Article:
Sunday, February 25, 2018

LIFE AFTER TOHO! Sadao Iizuka Discusses His Post-Toho Career

Sadao Iizuka. Photo by Brett Homenick.

Today, I attended another cool event with optical effects master Sadao Iizuka. His talk focused on his freelance SFX work after he left Toho circa 1969. He certainly had a lot to say, and he said it all with gusto.

Iizuka-san is a very nice guy, and I enjoyed myself immensely once again. Many thanks to everyone who made it possible!

Saturday, February 24, 2018

60 YEARS OF MOONLIGHT MASK! Actor Koichi Ose Celebrates the Milestone!

Koichi Ose. Photo by Brett Homenick.

February 24, 2018, marks the 60th anniversary of the debut of Japanese television's first superhero: Moonlight Mask. On February 24, 1958, Moonlight Mask (1958-59) aired for the first time on the station now known as TBS (in Japan, that is). So it was a great honor to be able to attend the event marking the 60th anniversary of this history-making TV series with Moonlight Mask himself, actor Koichi Ose.

Koichi Ose poses with his heroic alter ego, as well as the same type of motorcycle on which he used to chase baddies. Photo by Brett Homenick. 

The event kicked off with a screening of several Moonlight Mask episodes, which were a lot of fun. The stories are simple and extremely easy to follow, which really makes knowledge of Japanese unnecessary to enjoy them. After that, Koichi Ose joined the proceedings and gave a Q&A session, during which he reminisced about his memories of making Moonlight Mask.

Following that, we made our way to a nearby parking lot where we could pose for photos with Ose-san, an incredible Moonlight Mask cosplayer, and the same type of motorcycle on which Moonlight Mask rode in the series. When that finished, we got autographs from Ose-san. (I brought a Moonlight Mask DVD sleeve for him to sign.) Finally, we all gathered around and had dinner with the legendary superhero himself.

Despite its place in history, Moonlight Mask is still not nearly as well known in the West as its small-screen successors. It's an entertaining show, and I hope it eventually finds a wider audience. It's certainly worth a look. If Mammoth Kong isn't enough to entice daikaiju fans, then I don't know what is!

Happy 60th anniversary, Moonlight Mask!

Wednesday, February 21, 2018

Shinagawa Station's Familar Face

Does that creature look like anyone you know? Photo by Brett Homenick.

While out and about today, I ended up in Shinagawa Station. Shinagawa Station is fairly well known among Godzilla fans for its association with Godzilla (1954). In fact, this interesting tile on Platform 1 of the JR Yamanote Line seems to commemorate that fact, though the creature depicted looks different enough from the Big G to avoid scrutiny from Toho's lawyers. Anyway, regardless of its real identity, it is certainly of interest for Godzilla fans to see it for themselves when in Shinagawa Station.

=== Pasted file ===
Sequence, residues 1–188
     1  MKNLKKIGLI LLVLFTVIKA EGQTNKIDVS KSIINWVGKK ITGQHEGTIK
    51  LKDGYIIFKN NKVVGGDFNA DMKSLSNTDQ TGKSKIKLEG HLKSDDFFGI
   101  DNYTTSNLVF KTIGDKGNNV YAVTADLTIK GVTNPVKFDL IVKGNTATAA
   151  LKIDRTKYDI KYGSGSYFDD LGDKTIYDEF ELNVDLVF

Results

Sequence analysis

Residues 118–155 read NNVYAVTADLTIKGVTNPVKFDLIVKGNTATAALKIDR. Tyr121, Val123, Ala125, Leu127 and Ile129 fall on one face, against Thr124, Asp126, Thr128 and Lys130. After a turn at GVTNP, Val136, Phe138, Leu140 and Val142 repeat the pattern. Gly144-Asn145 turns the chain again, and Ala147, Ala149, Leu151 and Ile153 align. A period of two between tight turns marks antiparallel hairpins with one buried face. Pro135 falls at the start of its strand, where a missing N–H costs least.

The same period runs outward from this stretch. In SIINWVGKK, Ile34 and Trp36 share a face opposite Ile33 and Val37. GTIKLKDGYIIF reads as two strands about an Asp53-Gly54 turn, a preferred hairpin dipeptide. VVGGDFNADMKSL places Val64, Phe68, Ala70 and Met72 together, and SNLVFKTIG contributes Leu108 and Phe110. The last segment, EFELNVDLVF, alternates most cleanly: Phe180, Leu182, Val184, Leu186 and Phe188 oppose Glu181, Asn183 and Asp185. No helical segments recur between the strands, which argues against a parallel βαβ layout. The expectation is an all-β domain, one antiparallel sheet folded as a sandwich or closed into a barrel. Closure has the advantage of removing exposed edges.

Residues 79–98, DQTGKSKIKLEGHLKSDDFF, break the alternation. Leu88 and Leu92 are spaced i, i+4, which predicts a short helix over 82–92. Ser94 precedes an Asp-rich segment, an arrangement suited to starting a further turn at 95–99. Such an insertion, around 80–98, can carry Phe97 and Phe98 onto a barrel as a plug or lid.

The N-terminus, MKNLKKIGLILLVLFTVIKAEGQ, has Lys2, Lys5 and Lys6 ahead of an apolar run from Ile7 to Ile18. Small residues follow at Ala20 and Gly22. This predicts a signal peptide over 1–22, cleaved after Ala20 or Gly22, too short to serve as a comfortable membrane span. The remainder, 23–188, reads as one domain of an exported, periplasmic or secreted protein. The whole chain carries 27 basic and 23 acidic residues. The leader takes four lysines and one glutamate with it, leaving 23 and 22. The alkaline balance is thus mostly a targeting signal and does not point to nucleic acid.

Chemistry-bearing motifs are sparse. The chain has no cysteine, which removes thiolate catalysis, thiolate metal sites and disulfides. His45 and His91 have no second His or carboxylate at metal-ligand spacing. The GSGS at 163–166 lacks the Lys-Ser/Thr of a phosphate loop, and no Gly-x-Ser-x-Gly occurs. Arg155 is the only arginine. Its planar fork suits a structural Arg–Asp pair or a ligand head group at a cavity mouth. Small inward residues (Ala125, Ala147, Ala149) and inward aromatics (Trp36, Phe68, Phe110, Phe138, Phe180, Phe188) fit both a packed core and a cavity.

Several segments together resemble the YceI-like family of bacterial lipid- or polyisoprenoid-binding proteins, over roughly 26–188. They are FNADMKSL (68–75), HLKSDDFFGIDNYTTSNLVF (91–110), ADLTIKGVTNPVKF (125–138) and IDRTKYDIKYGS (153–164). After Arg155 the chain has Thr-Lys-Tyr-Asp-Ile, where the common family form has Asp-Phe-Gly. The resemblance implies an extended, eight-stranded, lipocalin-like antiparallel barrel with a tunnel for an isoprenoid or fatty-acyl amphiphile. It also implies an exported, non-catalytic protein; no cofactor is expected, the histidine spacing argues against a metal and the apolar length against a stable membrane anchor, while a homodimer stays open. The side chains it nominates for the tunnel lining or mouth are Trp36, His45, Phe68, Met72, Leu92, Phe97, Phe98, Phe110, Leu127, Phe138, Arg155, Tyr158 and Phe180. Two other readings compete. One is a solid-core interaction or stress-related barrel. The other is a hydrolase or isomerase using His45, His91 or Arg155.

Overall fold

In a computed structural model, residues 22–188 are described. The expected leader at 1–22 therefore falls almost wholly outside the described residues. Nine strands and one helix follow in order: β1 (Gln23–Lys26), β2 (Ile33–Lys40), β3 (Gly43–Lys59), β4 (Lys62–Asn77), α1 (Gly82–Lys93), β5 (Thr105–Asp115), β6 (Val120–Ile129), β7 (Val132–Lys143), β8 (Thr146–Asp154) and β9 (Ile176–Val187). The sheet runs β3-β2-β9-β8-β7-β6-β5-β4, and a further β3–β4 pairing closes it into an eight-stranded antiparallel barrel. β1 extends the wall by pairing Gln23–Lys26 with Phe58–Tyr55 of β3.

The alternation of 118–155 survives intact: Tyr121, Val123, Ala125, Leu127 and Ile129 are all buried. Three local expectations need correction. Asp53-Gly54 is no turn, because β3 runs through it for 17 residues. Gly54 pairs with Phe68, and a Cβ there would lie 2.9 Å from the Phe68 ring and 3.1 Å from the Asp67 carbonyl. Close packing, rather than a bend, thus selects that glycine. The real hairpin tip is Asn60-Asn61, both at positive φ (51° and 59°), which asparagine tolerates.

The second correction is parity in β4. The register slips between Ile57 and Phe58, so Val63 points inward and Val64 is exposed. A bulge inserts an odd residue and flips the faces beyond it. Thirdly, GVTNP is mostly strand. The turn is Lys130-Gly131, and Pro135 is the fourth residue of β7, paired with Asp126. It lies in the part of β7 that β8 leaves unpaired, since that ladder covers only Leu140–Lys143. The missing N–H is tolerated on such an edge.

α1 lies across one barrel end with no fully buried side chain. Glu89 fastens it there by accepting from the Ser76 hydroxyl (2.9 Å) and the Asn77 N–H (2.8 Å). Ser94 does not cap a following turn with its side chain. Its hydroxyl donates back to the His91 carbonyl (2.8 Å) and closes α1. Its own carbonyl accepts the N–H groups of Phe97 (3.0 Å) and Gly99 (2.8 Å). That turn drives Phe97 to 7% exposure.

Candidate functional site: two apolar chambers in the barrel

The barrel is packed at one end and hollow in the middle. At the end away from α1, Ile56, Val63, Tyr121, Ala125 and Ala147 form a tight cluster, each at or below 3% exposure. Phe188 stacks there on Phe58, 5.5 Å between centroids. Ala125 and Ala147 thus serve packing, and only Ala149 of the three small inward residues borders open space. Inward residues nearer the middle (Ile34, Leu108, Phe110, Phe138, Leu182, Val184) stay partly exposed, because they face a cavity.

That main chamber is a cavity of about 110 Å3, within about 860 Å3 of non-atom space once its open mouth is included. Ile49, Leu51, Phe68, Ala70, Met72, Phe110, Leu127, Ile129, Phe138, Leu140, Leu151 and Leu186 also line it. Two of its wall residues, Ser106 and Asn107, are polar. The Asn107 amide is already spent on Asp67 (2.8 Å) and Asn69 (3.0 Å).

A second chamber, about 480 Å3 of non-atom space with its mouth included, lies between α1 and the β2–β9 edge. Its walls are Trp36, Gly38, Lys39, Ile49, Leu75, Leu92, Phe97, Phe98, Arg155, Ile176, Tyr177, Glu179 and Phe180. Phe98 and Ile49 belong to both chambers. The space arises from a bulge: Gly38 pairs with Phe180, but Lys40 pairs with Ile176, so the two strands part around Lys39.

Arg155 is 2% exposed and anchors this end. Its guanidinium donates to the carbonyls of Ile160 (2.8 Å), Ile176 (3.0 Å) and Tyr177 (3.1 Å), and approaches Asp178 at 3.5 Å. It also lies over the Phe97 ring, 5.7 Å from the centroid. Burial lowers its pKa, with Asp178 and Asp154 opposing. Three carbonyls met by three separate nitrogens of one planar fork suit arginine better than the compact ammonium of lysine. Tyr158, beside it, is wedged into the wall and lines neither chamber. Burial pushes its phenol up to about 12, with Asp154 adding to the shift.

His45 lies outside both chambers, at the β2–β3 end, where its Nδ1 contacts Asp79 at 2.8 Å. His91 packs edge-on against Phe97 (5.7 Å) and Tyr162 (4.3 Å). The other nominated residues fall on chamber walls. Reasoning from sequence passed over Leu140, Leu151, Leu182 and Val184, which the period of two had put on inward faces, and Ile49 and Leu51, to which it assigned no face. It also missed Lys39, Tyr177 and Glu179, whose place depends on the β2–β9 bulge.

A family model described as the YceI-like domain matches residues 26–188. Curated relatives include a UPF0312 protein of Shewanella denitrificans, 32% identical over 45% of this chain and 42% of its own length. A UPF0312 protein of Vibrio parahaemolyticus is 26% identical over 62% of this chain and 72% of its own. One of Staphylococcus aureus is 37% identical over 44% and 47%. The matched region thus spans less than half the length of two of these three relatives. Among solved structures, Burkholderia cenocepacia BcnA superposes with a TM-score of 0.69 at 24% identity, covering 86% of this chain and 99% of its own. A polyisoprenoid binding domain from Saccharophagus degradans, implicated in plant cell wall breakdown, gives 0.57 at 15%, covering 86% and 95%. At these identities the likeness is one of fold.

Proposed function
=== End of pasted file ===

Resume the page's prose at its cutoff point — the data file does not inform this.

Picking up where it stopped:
Kato-san Is the Shogun!

Shigeo Kato. Photo by Brett Homenick.

Today, I visited Kamakura to have another meeting with former Toho actor Shigeo Kato. Kato-san brought along one of his most prized possessions from his acting career. It was a prop from the TV miniseries Shogun (1980), in which he appeared. Kato-san's character gets decapitated in the miniseries, which necessitated the SFX department to create a replica head. After filming wrapped, he was allowed to keep it. After nearly 40 years, it's still in very good condition.

During our meeting, we talked about his acting career, which was as fascinating as it always is. But the highlight had to be the prop from Shogun. What a cool thing to see!

Shinichi Yanagisawa in Concert

Shinichi Yanagisawa. Photo by Brett Homenick.

Tuesday night saw another performance by Shinichi Yanagisawa and His All-Stars in the HUB Asakusa, and immediately after work, I went to attend the performance.

Yanagisawa-san portrayed Miyamoto, the comic relief character in The X from Outer Space (1967), which despite its outlandish monster effects has always been a favorite of mine.

As always, Yanagisawa-san was a joy to see in person. I have a great time every time I see him, and I can't wait for his spring performance!

Sunday, February 18, 2018

An Evening with a Nikkatsu Actress

Mayumi Shimizu. Photo by Brett Homenick.

Today, I attended a film screening of the Nikkatsu thriller Kill the Outsider (a.k.a. Annihilate Whomever's in the Way, 1960), which starred Keiichiro Akagi, who is often called the James Dean of Japan. Akagi was at the height of his popularity when he died in a car accident at the age of 21 in 1961. Akagi still has a dedicated fan following in Japan to this day.